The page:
“We can retire above stairs, ye and I.” Lianne’s voice dipped to a lusty whisper.
“But I thought you . . .” Robert paused and swallowed audibly when Lianne leaned forward and into him. “I thought you fancied my friend.”
“Aye, yer companion is a sinful creature, indeed.” Her pale blue eyes settled on Graham and deepened with pleasure as if the most decadent memory had just swept across her thoughts. “But tonight,” she returned her attention to Robert, “I want an angel in m’ bed.”
A shadow rising above him drew Graham’s dimpled grin off the seduction of his friend and upward. Very high upward.
“Ye’re supposed to be at my table tonight, Lianne. I paid in advance.” The Highlander was enormous. His soiled plaid stretched across his broad chest when he grazed his eyes over Robert and then to Graham. The challenge in them was unmistakable before he turned back to Lianne. “Now get yer arse where it belongs.”
Hell, Graham thought, mildly disappointed for Robert. He could get up and fight for Lianne’s company tonight, but the brute had paid, and he was quite large. As long as Robert did not open his mouth there was still a chance they might find themselves spending their energy on something more thrilling than fighting tonight.
Unfazed, Lianne left her seat and slapped her apron along the man’s arm as she passed him. In response, the angry patron gave her a shove between the shoulders before he, too, turned to leave.
“You there, the ugly one.”
Graham’s shoulders crunched around his neck as Robert rose from his chair.
The giant pivoted slowly, his black expression a prelude to murder. “Are ye talkin’ to me?”
“Aye,” Robert assured him coolly. “Though I’m astonished you posses the intelligence to have surmised it.”
The patron’s volatile gaze narrowed. Graham couldn’t help but smile, suspecting that the brute was either wondering if he’d just been insulted again, or deciding which of Robert’s limbs to sever first.
When the Highlander grinned, flashing what few teeth he had left, Robert met the baleful challenge with a slight hook of his mouth. Graham set his gaze heavenward and shook his head. This was as bad as traveling with the MacGregors.
“I pray for your sake that you also possess the wisdom to believe me when I tell you that if you lay your hands on that lady again, I shall take you out of doors and beat you senseless.”
The confidence in his promise might have convinced the other patrons who were watching that the smaller lad fully intended to keep his word. But Graham knew better. Having naught to do as a young lad but practice weaponry in the fields of Glen Orchy and study the words of bards and poets, Robert Campbell had grown into an excellent swordsman—and an overzealous knight who was constantly getting them into fights defending someone’s “honor.” But for all his training with a sword, the young fool had trouble connecting his fist to someone else’s face.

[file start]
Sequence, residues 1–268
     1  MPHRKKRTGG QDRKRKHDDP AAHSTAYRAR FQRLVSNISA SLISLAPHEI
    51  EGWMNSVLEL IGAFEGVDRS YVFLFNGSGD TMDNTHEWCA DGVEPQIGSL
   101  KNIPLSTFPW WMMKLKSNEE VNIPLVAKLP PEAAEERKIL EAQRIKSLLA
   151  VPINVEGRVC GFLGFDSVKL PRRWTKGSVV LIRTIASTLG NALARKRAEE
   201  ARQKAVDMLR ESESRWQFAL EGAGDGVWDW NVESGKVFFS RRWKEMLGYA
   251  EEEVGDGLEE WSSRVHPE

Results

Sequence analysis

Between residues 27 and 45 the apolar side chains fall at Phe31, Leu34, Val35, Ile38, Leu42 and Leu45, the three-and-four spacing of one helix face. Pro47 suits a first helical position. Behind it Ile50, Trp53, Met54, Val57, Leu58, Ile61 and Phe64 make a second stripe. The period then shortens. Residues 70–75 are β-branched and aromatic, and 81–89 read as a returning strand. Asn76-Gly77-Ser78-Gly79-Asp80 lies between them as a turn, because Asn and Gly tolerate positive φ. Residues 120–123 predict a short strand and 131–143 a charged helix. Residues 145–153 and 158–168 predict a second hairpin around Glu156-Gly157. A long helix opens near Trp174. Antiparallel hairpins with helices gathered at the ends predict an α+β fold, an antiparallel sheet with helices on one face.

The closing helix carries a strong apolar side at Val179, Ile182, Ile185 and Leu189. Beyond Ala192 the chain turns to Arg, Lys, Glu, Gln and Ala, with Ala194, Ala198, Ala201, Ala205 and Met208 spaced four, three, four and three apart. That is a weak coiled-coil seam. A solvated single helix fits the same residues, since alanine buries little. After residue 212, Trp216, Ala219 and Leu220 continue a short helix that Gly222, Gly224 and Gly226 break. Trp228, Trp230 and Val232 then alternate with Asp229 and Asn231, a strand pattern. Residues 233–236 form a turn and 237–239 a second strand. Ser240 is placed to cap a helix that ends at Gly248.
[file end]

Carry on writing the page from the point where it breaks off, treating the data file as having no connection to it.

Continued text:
Sadly for Robert, the murderous Highlander only laughed, took a step forward, and swatted the table that stood between them out of the way.
Graham stepped aside to avoid getting struck in the head with the flying wood. He grimaced as a huge fist felled Robert to the floor. He wanted to help, but the earl needed to learn how to fight without his sword, and now was as good a time as any. Still, he pushed his cap back from his bronze mane of curls, readying himself for the fight. He would intervene if the ogre pounded his knuckles into Rob’s face one more time.
“Are ye goin’ to stand here and do nothin’ while Atard beats yer friend to death?” Lianne charged, rushing to Graham’s side.
Graham figured she meant to get him moving with her admonishment, but when she patted the creamy mounds of her bosom with her apron, he was sorely tempted to leave Robert to his own defense and carry her above stairs.
“My friend does well.” His dimples flashed, as frivolous as his concerns. “He is once again standing upright.”
Robert’s body countered that opinion as it hurled past Graham’s shoulder.
Muttering a curse under his breath when the earl landed hard against the wall, Graham turned to the advancing giant. He bent to pick up a leg from the shattered table and swung, cracking the wood in half against Atard’s face.
Stepping over the Highlander’s body, Graham knelt beside his motionless friend. “Rob.” He slapped his cheek gently. “Wake up.”
Robert stirred, lifting his heavy lids. “Where is he?”
“Afar off,” Graham assured, then gave him a hard look. “How many times must I tell ye not to fight with drunken Highlanders?” He shoved his hands under his friend’s arms and lifted him to his wobbly feet.
“The ruffian mishandled the lady.”
Lianne offered the knight a grateful smile, but Robert’s already swelling lip prevented him from offering her one back.
“What can I do”—Lianne’s smile changed into something more obvious when she took a step toward them—“to persuade ye both to stop in again on yer way back from where ye’re goin?”